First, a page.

AbstractWe report on the first successful allogeneic stem cell transplantation (SCT) in an HIV-infected patient with severe aplastic anemia (SAA) performed at a tertiary care institution. Highly active antiretroviral therapy (HAART) was administered until transplantation and restarted 34 days later with sustained virological response. The patient did however develop a rapid rise in HIV load during the interruption of HAART associated with an acute febrile illness. Due to the extended period between the onset of SAA until SCT, the posttransplant course was complicated by bacterial infections. Stage two skin GvHD, but no AIDS-defining opportunistic diseases were experienced. Neutrophils recovered to >0.5/nL on day +18 and the CD4 count reached 250/μL on day +71 and >500/μL on day +182. The patient is in good condition with an ECOG score of 0 twelve months after transplantation. This report demonstrates the feasibility of allogeneic stem cell transplantation in the HIV setting.
A 34 year-old HIV-infected man was referred to our hospital in July 2005 with a four week history of breathlessness on exertion, malaise, multiple hematoma and gingival bleeding. He was in CDC stage A3 with a nadir CD4 count of 192/μL. He had regularly taken HAART as an outpatient for 50 months, last with Tenofovir (TDF, 300 mg qd), Emtricitabine (FTC, 200 mg qd) and Ritonavir-boostered (100 mg bid) Fosamprenavir (FPV, 700 mg bid). His CD4 count hereunder was at 314/μL and the viral load below 400 copies/mL. He did not receive any other medication. His referring physician had found pancytopenia (hemoglobin 6.7 mg/dL, WBC 1.8/nL, neutrophiles 0.47/nL, platelets 12/nL) and stopped antiretroviral therapy as he suspected drug-induced toxicity. Bone marrow cytology and histology (Figure 1) showed a highly reduced hematopoiesis in all three lineages with a cellularity of 5%. The patient required erythrocyte and platelet transfusions and intravenous antibiotics for intermittent bacterial infections. Serologies were positive for CMV (IgG positive, IgM/IgA negative), but negative for hepatitis C, HHV-6, and parvovirus B19. Several blood samples were tested positive for HHV-8 by PCR. CT scans revealed multiple enlarged axillary, cervical, intrathoracic and intraabdominal lymph nodes all less than 2 cm in diameter. Biopsies of cervical and axillary lymph nodes showed only unspecific, HIV-associated lymphadenopathy, but no signs of either NHL or multicentric Castleman’s disease. The patient was given ex juvantibus Cidofovir treatment, since a disseminated HHV8-infection was considered a possible explanation for the pancytopenia. HHV-8 PCR remained positive and pancytopenia persisted, thus Cidofovir was discontinued after 4 weeks. Two weeks later, the patient had to be readmitted due to sudden-onset fever of up to 40°C which was accompanied by diarrhoea, nausea and abdominal cramps. The C-reactive protein (CRP) peaked at 23 mg/dL. Empirical antibiotic therapy with Imipenem resulted in remission of fever and CRP within days without any specific finding in blood, urine, sputum and stool cultures. Eight weeks after the discontinuation of HAART, a new combination therapy was started with Abacavir (ABC), Lamivudin (3TC) and Ritonavir-boosted Saquinavir (SQV). Pausing the antiretrovirals for 2 months did not improve pancytopenia and thus a toxic genesis became increasingly unlikely, particularly because the patient had been on the same HAART regimen for many years before developing SAA. The renewed antiretroviral treatment reduced HIV load from 644.000 to 690 copies/mL within one month (Figure 2C).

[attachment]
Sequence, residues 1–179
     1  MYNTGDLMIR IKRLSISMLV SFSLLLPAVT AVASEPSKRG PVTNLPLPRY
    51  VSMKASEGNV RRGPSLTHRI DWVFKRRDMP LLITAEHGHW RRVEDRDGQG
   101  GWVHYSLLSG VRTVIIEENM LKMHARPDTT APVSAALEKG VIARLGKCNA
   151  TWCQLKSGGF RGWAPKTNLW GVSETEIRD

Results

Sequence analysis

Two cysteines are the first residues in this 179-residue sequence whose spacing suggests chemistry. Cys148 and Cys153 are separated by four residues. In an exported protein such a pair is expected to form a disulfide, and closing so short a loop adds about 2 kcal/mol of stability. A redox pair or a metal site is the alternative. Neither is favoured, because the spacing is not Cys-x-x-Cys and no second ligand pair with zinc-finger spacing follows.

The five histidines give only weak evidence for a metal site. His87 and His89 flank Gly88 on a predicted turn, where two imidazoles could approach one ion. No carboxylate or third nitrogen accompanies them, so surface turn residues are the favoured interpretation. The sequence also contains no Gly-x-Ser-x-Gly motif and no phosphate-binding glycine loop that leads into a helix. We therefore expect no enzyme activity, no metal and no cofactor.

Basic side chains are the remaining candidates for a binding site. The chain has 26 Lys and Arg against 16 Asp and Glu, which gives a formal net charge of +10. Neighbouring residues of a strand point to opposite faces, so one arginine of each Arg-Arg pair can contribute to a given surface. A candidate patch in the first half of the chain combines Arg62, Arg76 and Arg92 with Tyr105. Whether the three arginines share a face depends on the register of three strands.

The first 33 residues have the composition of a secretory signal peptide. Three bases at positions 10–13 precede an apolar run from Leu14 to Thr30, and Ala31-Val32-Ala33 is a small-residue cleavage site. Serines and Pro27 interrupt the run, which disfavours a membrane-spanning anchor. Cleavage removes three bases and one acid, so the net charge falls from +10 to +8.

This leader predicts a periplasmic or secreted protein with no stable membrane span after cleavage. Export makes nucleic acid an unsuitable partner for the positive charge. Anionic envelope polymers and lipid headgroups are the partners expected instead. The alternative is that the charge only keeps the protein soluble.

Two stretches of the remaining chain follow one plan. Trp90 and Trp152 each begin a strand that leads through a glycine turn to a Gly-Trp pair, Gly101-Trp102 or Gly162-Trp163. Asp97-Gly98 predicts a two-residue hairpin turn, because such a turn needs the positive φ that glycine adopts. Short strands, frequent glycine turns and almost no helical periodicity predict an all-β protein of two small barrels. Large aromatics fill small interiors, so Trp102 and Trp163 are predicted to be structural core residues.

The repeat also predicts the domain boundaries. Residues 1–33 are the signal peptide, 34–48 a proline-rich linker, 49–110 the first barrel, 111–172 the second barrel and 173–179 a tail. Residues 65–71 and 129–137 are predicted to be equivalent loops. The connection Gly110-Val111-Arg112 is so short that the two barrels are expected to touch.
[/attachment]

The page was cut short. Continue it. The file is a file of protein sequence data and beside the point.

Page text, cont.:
However, bone any marrow aplasia persisted. The Neutrophile count at this stage was at 0.38/nL, leaving the patient below 0.5 neutrophiles/nL for several months (Figure 2A). FACS-staining had excluded paroxysmal nocturnal hematuria (PNH). Thus, the diagnosis of severe aplastic anemia (SAA) was established.1 There is no published experience with conventional immunosuppressive therapy (IT) using antilymphocyte globulin (ALG) in combination with cyclosporine (CsA) and/or steroids in HIV-infected patients, which is the standard therapy for AA. The young age, the good clinical condition before the development of SAA, the requirement for extended immunosuppression when applying IT, the possibility of a truly curative treatment with allogeneic BMT and decreased chances of success by delaying it let us to prefer the latter.5 We consented with the patient to treat him with an allogeneic stem cell transplantation. He had no siblings, thus a search for an HLA-matched unrelated donor (MUD) was initiated (day –37). Two weeks later (day –23), a 10/10 alleles HLA-matched, CMV-seropositive, male donor was identified and the transplant could be scheduled for November 2, 2005 (day 0). HAART was paused on day 0 to avoid potential drug interactions. The conditioning regimen included fludarabine (30 mg/m on days –6 through –3) and cyclophosphamide (60 mg/kg on days -3, -2). The unmanipulated stem cell graft from G-CSF-mobilized peripheral-blood contained 7×10 CD34 cells/kg body weight. Graft-versus-Host-Disease (GvHD) prophylaxis included rabbit anti-thymocyte globulin (ATG) (10 mg/kg on days –5 through –2), cyclosporine A i.v. (target level 180 – 250 ng/mL), and methotrexate (MTX) (15 mg/m day 1, 10 mg/m days +3, +6). The first week after transplantation was clinically uneventful, however CRP increased to 25 mg/dL and the patient was given granulocyte transfusion on day +7 and day +9. On day + 11, he developed SIRS, atrial fibrillation, pericardial and bilateral pleural effusion as well as pulmonary edema necessitating mandatory ventilation on day +14. On day +18, neutrophils regenerated to >0.5/nL after an extensive period of neutropenia of total 70 days. On day +21 he developed a maculopapular rash compatible with a stage two skin GvHD, which promptly resolved to therapy with 100 mg prednisolone. The patient slowly improved clinically, but his CRP remained high around 10 mg/dL (Figure 2B). Interestingly, HIV viral load rapidly rose to 6.8×10/mL after transplantation (Figure 2 C). At that time, he developed an unclear neurological disease with remarkable myocloni, accompanied by high fever. After extubation on day +27, the patient presented dysphagia and a hoarse voice due to paresis of cranial nerves IX, X and XII. Repeated MRIs and lumbar punctures showed a high HIV load in the CSF without any other specific findings. We assumed critical illness polyneuropathy of the affected cranial nerves or HIV reactivation with an associated neurological disease as differential diagnosis. As a result of dysphagia, the patient had chronic aspiration and bronchiolitis which explained the elevated CRP. Antiretroviral therapy was reintroduced with Enfurvitide (T20) s.c., Zidovudine (AZT) i.v. on day + 34 (after a gastro-duodenal feeding tube was installed, this was changed to Zidovudine p.o. and later to Stavudine (d4T) p.o., Emtricitabine (FTC) and Abacavir solution) resulting in a prompt 4-log reduction of the viral load (Figure 2C). The normalization of blood counts as a result of the haematological recovery is shown in Figure 2A. Control bone marrow aspirations showed normal morphology and a 99% donor chimerism. The CD4 count reached >0.25/nL on day +71 and >0.5/nL on day +182 on continuing GvHD-prophylaxis/therapy. On day +120, the patient was transferred to rehabilitative care until day +158. He is currently being treated on an outpatient basis. No opportunistic infections were experienced so far, and HIV therapy can be administered effectively. The patient recovered from his cranial neuropathy is well 8 months after transplantation.